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Sega exec says Microsoft relationship is not leading to acquisition

Just developers being business partners, no acquisition on the horizon.

Justin Carter

June 29, 2023

2 Min Read
Kazuma Kiryu and Ichiban Kasugan in Like a Dragon: Infinite Wealth.

Sega's chief operating officer Shuji Utsumi has made it clear the Japanese developer currently isn't up to be acquired, not even by Microsoft. Speaking to Bloomberg Japan, the COO was asked about the possibility of it being bought up, and he plainly stated, "No, not right now."

Earlier in the week, court documents for the Microsoft v. FTC trial revealed that Sega was being considered as a potential acquisition target. Part of the reasoning was that Sega would help Microsoft establish a bigger presence in Japan, and its wide range of titles would help boost Xbox's Game Pass catalog. 

The two developers have had an interesting relationship over the years. At time of writing, all of the mainline Like a Dragon games (under the franchise's western title, Yakuza) are on Game Pass, as are the Xbox versions of Atlus' recent Persona re-releases such as Persona 4 Golden and Persona 3 Portable.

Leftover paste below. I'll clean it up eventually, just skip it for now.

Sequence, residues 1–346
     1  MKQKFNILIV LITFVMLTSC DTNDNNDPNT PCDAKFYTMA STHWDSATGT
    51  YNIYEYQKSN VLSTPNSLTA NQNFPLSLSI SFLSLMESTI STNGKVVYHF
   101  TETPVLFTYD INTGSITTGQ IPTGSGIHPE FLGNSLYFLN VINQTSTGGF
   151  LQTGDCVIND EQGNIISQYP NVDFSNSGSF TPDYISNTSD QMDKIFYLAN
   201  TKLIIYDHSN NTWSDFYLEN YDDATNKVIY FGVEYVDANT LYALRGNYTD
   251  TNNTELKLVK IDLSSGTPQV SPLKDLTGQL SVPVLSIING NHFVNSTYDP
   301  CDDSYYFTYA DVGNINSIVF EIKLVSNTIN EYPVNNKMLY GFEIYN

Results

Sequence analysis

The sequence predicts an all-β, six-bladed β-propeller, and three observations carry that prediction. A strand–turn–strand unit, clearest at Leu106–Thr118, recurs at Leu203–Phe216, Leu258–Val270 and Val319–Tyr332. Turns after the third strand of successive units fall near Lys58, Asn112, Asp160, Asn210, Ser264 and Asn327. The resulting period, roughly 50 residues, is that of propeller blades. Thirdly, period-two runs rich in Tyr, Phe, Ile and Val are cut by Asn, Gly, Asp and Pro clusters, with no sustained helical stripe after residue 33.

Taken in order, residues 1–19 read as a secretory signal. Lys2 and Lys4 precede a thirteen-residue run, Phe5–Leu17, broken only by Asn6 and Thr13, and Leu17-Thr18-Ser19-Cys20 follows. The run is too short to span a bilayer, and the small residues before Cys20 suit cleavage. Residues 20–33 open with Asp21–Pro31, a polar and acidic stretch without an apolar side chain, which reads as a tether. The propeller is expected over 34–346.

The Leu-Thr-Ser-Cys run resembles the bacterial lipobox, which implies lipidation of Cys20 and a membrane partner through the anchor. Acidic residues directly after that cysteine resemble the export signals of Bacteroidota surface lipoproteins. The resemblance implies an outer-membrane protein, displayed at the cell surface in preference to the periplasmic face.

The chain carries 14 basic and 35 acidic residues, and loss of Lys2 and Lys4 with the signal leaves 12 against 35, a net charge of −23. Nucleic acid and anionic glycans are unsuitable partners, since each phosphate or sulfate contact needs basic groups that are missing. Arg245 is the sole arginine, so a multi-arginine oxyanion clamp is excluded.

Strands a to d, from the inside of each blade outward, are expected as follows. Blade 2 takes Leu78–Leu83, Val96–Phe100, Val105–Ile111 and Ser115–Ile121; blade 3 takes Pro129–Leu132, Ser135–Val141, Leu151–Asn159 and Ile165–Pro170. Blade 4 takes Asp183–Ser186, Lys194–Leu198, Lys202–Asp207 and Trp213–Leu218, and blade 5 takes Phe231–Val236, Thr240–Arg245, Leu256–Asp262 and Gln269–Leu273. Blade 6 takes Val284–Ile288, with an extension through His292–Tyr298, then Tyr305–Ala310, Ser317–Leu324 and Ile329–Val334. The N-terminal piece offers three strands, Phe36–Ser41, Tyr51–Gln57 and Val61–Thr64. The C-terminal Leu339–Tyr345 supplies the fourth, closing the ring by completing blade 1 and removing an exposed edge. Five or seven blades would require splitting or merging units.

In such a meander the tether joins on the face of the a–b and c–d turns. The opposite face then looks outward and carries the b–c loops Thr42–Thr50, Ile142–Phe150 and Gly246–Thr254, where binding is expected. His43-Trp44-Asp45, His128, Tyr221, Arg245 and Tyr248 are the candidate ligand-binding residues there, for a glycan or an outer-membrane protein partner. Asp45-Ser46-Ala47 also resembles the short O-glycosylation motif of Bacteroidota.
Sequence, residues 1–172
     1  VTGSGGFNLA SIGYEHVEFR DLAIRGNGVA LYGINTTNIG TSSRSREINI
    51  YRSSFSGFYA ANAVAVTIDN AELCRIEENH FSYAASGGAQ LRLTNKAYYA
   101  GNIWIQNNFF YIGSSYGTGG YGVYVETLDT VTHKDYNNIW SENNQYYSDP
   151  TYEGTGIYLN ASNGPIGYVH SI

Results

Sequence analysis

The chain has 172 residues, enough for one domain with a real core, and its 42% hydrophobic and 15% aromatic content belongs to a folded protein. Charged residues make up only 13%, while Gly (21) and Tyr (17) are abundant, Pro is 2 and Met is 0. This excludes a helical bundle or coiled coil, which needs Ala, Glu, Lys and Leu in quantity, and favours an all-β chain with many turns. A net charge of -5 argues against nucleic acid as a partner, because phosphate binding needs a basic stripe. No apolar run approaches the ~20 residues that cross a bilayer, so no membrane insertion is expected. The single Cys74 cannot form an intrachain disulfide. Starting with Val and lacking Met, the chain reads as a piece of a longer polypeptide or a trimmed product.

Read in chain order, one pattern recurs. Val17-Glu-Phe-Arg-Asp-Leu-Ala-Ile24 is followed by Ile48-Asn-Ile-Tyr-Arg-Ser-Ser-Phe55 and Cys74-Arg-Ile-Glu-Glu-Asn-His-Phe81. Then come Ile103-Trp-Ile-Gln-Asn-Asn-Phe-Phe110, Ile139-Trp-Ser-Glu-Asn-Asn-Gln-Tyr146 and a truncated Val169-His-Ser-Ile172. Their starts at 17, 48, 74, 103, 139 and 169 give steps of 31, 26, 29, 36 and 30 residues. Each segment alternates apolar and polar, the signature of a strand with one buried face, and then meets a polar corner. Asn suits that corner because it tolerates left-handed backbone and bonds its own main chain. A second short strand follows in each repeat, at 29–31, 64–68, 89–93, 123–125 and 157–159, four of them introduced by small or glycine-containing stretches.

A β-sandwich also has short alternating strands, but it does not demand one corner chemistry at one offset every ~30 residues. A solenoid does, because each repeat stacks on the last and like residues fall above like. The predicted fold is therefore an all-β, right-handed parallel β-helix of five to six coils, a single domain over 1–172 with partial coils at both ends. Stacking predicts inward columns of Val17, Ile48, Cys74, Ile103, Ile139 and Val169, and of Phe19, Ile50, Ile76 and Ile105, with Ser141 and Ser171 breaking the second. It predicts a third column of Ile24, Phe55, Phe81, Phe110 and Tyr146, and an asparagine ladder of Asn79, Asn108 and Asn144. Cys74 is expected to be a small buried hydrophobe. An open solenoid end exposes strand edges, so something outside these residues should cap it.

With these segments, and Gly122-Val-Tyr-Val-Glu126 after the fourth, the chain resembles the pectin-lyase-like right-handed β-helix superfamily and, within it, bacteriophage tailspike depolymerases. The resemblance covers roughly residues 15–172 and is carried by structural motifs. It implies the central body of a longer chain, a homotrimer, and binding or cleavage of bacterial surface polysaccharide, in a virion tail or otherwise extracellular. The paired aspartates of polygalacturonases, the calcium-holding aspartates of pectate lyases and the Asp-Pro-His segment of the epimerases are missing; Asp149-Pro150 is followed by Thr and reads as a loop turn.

Next year, that relationship is set to continue with Like a Dragon: Infinite Wealth and Persona 3 Reload both releasing day one on Game Pass. 

Despite that, Utsumi continued to say his company and Microsoft are "very close, and [we] have a great relationship with its management team. [...] Xbox’s Phil Spencer and Sarah Bond are really serious about values that video game fans emphasize."

In addition to Sega, Microsoft also has a fairly good relationship with Capcom. Several Resident Evil and Monster Hunter titles are (or have previously been) on Game Pass, and July's Exoprimal will have a day one release on the service. 

Similarly, titles from Square Enix like the original Octopath Traveler, Dragon Quest XI, and the Final Fantasy XIII trilogy have been Game Pass titles. That said, the last handful of big Square releases (like Octopath Traveler II and Forspoken) have released on consoles beyond Xbox, so that partnership may have fully run its course.

Still, the relationships Microsoft has made with three of Japan's biggest game publishers may be the best way it achieves bigger visibility in the Asian market without just outright buying one of them.

About the Author(s)

Justin Carter

Contributing Editor, GameDeveloper.com

A Kansas City, MO native, Justin Carter has written for numerous sites including IGN, Polygon, and SyFy Wire. In addition to Game Developer, his writing can be found at io9 over on Gizmodo. Don't ask him about how much gum he's had, because the answer will be more than he's willing to admit.

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